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Wednesday, May 7, 2014

29 Strings And Then Some - Armengol

Song Of India
29 Strings And Then Some
Armengol And His Orchestra
RCA Victor LPM-1457

This RCA features an attractive looking jacket and a rather dry sounding classical mood set.

The jacket notes below offer insight into late 50s RCA production process.

Here is what happened with 29 Strings by Mario Ruiz Armengol. 

The "Powers That Be" in both the Artist & Repertoire and Sales Promotion Departments of RCA Victor were pleased and excited about the wonderful sound and excellent sales of an album titled One Night In Acapulco (LPM-1292) by one Mario Ruiz Armengol. At a weekly planning conference, a joint meeting of the minds occurred and it was decided that another mood music album by Armengol was needed quickly, capturing the same lilting rhythms as were featured in One Night In Acapulco.

Immediately the wheels began to turn in myriad directions… Sales – Advertising – Artist & Repertoire… All moved to accomplish the fact of a new Armegol album. John Camacho, head of A&R for the International Department, flew off to Mexico to record the music with the collaboration of Mariano Rivera Conde, head of A&R for Mexico. This was necessary because Mario Ruiz Armengol is the for most Arranger-Conductor of popular music in Mexico and both Armengol and his orchestra could be located in Mexico City. RCA Victor also maintains an excellent studio in Mexico City, part of RCA Victor Mexicana, and so it was decided that the recording date would be scheduled in Mexico City. We think it was a logical decision.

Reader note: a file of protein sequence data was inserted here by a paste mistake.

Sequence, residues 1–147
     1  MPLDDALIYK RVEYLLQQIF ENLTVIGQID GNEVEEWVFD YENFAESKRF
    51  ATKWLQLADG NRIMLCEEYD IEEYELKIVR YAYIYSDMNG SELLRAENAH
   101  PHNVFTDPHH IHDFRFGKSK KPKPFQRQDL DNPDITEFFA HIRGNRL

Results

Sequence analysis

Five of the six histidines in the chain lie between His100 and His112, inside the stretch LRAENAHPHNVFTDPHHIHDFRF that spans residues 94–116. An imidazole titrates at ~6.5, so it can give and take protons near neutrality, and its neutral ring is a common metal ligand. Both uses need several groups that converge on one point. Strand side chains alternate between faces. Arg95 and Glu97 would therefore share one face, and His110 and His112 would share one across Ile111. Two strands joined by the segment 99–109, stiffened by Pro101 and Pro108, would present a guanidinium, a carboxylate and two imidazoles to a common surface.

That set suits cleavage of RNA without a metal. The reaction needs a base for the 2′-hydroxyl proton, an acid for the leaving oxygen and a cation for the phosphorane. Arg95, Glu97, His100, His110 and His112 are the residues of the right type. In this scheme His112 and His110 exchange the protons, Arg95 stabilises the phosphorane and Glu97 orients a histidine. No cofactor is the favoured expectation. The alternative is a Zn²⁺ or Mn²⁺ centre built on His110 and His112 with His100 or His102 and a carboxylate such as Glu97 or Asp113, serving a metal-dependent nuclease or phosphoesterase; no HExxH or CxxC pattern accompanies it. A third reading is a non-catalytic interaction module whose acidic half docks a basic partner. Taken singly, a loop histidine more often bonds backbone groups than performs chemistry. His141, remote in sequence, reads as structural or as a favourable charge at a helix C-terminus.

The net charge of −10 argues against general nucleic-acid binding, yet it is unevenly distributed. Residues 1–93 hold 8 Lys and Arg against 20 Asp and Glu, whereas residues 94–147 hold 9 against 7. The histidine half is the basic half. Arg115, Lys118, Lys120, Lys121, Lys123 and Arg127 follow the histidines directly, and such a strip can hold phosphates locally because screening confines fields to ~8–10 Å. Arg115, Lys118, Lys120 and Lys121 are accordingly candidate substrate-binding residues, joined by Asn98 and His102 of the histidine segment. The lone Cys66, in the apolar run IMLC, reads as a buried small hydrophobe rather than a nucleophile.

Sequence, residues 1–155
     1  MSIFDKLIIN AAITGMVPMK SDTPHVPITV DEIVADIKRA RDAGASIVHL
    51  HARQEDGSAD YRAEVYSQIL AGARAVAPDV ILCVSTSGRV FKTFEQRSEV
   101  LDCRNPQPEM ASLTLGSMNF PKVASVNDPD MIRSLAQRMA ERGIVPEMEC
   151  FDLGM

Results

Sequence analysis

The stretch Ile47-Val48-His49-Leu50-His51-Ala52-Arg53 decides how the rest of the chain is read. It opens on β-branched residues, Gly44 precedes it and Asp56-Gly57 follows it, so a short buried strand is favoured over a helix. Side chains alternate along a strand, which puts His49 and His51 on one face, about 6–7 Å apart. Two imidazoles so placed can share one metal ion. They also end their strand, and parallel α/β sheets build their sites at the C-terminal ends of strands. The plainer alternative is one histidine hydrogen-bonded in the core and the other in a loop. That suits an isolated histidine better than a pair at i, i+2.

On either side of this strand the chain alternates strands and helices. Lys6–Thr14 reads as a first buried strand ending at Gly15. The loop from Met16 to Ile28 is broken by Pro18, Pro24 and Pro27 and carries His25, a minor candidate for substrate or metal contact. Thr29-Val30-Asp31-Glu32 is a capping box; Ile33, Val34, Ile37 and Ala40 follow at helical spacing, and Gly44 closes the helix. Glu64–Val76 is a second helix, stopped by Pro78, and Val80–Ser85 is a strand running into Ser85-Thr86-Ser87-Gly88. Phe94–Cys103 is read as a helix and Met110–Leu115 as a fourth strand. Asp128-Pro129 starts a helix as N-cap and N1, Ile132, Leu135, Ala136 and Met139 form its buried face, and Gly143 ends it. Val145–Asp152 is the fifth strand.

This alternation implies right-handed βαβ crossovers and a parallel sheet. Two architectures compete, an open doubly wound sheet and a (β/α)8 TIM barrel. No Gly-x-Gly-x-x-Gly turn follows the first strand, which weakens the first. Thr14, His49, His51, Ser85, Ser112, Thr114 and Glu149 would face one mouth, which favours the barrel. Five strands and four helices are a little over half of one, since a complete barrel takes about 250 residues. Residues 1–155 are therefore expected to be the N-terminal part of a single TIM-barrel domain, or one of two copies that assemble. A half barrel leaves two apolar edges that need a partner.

With Camacho flying down to Mexico City for the recording session, creative minds back in New York set themselves to the tedious task of evolving a title and an album cover that would do justice to the music and talent of Mario Ruiz Armengol.

Several title were suggested, but finally it was decided to call the album 29 Strings and Then Some, since by a strange coincidence this would be the exact number of stringed instruments in the Armengol Orchestra. The title was selected only after one die-hard finally gave up his suggested title of "145 Strings," which would have been the number of actual strings on all the instruments used. It was pointed out that such a title might be a wee bit misleading and so it was dropped in favor of the tile now decorating the front cover.

Having decided on the title, a cover was created in keeping with the title and the music and, at the same time, eye-appealing and attractive for store display. Then the liner was assigned and completed. The recordings were finished – the sound and performance reviewed by the A&R director – the complete sleeves were rushed by the printer to the factory. Stampers were made, part of the complex process that transfers music from tape to disc. Finally, the completed product was ready.

A Song Of India
Song Without Words
La Golondrina
Ave Maria
Old Folks At Home
Andante Cantabile

1 comment:

  1. 29 Strings. : ) Great story!
    I never believed any orchestra had 1001 Strings. That's a bit much.


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